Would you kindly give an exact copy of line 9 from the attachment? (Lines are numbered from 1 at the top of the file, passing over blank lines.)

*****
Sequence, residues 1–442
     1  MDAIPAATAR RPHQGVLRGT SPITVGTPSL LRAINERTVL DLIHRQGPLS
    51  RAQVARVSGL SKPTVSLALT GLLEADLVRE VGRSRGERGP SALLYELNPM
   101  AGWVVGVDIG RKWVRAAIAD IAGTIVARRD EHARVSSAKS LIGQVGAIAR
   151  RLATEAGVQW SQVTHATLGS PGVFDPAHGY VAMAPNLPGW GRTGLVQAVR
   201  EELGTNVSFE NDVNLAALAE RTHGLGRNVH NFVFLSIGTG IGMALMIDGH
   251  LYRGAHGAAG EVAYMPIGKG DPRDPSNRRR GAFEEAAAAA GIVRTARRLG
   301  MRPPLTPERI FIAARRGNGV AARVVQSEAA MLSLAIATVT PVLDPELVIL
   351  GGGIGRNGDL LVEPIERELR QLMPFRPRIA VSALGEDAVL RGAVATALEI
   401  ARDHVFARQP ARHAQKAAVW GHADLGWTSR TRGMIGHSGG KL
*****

   351  GGGIGRNGDL LVEPIERELR QLMPFRPRIA VSALGEDAVL RGAVATALEI